Plaintiffs' arguments are basically twofold. They challenge the Board's definition of good health, contending that, as used, it is not good health in its common sense but expected mortality. Secondly, they contend that whatever the standard, it is not applied uniformly and objectively. Also, underlying plaintiffs' arguments, is the suggestion that any conditions imposed for receipt of the lump-sum option are not rationally related to a valid plan purpose in that the reason given for the good health standard, preservation of plan assets, is faulty in the absence of any allegation that the Plan is experiencing financial difficulty.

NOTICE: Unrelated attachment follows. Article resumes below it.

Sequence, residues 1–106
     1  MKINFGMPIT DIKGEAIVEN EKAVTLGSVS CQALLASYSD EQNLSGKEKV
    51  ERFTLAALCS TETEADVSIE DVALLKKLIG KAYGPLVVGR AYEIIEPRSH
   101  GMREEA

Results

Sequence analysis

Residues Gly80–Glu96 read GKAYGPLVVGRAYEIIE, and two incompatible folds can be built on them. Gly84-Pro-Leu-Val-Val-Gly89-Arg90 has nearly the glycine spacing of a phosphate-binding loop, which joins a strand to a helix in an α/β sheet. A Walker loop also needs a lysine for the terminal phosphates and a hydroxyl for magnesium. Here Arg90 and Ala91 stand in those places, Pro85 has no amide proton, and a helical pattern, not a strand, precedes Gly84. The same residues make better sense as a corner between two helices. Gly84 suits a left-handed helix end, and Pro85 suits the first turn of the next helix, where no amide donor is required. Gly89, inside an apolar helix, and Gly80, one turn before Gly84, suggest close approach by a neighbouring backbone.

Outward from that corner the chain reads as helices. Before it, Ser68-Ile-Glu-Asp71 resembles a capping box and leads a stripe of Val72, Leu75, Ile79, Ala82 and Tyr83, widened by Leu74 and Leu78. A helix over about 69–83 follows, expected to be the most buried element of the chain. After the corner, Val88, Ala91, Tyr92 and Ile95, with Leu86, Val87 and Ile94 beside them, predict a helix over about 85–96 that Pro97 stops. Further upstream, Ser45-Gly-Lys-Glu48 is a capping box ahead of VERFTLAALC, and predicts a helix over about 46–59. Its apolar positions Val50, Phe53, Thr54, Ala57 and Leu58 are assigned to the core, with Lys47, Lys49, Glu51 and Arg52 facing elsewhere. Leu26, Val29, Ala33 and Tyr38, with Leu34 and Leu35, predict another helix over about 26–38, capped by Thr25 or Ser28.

The fiduciary duty placed upon trustees of a pension plan includes the obligation "to preserve the financial security of a pension fund and yet apply the assets to the greatest possible advantage for the beneficiaries. At times, restricting the amounts paid to some may be necessary to prevent loss to others". Geib, et al. v. New York State Teamsters Conference Pension and Retirement Fund, et al., 758 F.2d 973, 978 (3d Cir. 1985). David Kempken, representing the General Pension Board, testified at his deposition that the condition of good health imposed upon applicants for the lump-sum form of payment was designed to protect the financial integrity of the Plan. (Deposition of D. Kempken at 50, 51). Plaintiffs have presented nothing to indicate that such was not the reason for the good health standard. It would make little sense to restrict the Board's management of plan assets when such management is designed to prevent financial difficulty, particularly when neither the payment of benefits nor the amount is in issue, but merely a particular form of payment. In Alessi v. Raybestos-Manhattan, Inc., 451 U.S. 504, 101 S. Ct. 1895, 68 L. Ed. 2d 402, 410 (1981), the Supreme Court noted that ". . . An employee's claim to the protected benefit is legally enforceable, but it [ERISA] does not guarantee a particular amount or a method for calculating the benefit". In light of the deference traditionally paid to the decisions of pension fund trustees with respect to the method of calculating benefits and determining amounts to be paid, this Court finds nothing arbitrary or capricious in restricting a particular form of payment. Imposition of the good health standard did not result in the forfeiture of a vested right. Those denied a lump-sum payment thereafter received their regular monthly benefits.